The reaction of Ukrainian government was intense. Security Service arrested blogger and the Court decided to detain him for 60 days till the next hearing as a precautionary measure. Ruslan is suspected of the high treason and impeding the legitimate activities of the Ukrainian Armed Forces.

Publicity was rather unequivocal mainly because of media involvement. Ruslan’s colleagues were quick to react and label actions of the Secret Service as an outrageous infringement upon the freedom of expression. Interestingly, that once Amnesty International stood up for Ruslan naming him “a prisoner of conscious” a strong wave of criticism swept through social media criticizing both, the NGO and Ruslan. For instance, this spectacular piece by Hanna Malyar admits that Ruslan’s case obviously does not qualify under any of incriminated Criminal Code’s provisions (Arts. 111(1) and 114(2)), but insists that he should be held liable for criminal incitement (draft evasion during mobilization, Art. 336 of the Criminal Code).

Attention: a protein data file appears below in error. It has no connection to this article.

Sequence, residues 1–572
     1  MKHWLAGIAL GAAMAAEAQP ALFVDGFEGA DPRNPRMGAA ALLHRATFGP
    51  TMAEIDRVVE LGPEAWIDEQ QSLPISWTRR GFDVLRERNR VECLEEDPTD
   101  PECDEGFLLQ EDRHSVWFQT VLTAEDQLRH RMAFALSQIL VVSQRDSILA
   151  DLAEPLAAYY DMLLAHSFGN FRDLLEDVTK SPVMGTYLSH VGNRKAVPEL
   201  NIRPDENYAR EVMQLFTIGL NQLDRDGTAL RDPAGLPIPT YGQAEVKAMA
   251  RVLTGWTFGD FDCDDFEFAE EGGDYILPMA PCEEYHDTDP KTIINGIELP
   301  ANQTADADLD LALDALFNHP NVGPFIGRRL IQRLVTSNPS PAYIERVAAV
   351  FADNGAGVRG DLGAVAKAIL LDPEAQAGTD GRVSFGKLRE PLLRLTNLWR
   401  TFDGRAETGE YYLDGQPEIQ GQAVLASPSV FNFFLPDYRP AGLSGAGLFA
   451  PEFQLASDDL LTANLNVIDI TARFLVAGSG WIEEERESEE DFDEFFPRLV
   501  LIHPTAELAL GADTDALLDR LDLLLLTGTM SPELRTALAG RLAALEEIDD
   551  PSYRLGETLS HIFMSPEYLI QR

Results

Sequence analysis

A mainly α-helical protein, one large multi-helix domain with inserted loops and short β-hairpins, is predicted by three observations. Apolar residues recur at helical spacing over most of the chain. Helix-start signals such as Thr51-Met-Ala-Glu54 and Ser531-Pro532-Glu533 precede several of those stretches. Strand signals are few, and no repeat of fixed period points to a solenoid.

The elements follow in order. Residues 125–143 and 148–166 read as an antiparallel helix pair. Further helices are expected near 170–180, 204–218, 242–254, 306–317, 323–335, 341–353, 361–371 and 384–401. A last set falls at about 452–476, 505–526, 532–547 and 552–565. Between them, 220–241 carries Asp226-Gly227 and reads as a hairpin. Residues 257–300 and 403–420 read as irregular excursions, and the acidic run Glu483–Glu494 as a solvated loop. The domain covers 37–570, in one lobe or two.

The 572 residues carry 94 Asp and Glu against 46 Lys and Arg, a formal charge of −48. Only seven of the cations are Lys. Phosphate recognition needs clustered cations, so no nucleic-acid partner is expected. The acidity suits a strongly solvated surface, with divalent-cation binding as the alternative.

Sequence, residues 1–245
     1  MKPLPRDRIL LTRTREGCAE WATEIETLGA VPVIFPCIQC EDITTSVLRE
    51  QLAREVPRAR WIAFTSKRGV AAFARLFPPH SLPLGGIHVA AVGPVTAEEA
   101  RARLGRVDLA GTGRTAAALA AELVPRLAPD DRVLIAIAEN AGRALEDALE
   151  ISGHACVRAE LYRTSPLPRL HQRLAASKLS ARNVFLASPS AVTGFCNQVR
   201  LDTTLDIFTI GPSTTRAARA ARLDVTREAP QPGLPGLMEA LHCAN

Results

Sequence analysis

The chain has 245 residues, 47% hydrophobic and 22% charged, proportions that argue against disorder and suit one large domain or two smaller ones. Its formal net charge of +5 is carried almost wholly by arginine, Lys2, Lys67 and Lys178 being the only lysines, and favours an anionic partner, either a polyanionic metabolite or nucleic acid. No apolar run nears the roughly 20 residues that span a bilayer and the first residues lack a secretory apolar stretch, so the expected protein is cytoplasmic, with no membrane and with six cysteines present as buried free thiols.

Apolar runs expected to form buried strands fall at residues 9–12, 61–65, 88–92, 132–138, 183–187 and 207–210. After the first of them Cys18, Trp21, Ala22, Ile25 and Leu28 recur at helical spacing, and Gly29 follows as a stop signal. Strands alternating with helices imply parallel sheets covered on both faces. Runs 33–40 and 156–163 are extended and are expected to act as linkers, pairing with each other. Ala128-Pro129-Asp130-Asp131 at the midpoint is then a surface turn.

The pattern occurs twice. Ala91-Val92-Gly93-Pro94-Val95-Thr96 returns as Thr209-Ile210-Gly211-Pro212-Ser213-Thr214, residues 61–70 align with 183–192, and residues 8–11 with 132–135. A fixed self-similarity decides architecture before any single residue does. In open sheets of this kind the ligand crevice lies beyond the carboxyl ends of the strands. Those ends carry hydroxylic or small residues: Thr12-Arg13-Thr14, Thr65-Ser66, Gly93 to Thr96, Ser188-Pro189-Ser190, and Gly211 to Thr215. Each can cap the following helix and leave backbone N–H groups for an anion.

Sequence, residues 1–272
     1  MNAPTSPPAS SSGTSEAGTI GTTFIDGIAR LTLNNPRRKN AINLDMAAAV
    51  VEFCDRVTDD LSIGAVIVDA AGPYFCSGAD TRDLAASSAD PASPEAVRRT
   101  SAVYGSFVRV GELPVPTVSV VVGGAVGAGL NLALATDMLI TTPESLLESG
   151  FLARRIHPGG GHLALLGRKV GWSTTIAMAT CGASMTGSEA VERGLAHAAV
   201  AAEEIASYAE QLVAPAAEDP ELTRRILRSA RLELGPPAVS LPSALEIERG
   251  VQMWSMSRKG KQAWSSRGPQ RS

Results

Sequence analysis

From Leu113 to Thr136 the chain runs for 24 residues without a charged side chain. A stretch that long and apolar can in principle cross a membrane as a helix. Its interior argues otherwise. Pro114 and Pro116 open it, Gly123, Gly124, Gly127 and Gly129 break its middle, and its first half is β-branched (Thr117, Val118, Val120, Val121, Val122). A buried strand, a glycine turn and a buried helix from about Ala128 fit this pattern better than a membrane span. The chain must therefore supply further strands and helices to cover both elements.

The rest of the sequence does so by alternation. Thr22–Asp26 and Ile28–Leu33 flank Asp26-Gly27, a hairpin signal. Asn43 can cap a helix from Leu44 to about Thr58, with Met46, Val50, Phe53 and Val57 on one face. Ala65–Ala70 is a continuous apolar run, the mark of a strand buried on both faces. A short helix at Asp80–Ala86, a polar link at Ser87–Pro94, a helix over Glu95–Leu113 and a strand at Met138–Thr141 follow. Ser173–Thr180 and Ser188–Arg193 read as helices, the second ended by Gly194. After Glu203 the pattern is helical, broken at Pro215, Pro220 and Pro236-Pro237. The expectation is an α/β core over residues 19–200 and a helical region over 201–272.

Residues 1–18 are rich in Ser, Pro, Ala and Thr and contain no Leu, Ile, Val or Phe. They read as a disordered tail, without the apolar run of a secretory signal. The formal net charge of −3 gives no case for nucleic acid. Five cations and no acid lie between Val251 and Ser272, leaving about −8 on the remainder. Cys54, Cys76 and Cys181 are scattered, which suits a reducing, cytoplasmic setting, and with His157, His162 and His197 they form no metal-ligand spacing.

There’s also another angle in this story: along with publishing news about Ruslan’s detention it became a must to write about his alleged connection with Russian surveillance and belligerents. The more one reads about him, the stronger grows the feeling that he is not “our fellow”, he does not share our beliefs and most likely (though, there’s no proof to it) he cooperates with our enemy. In the end of the day, it doesn’t even matter what his video (the sole reason for his arrest) is about.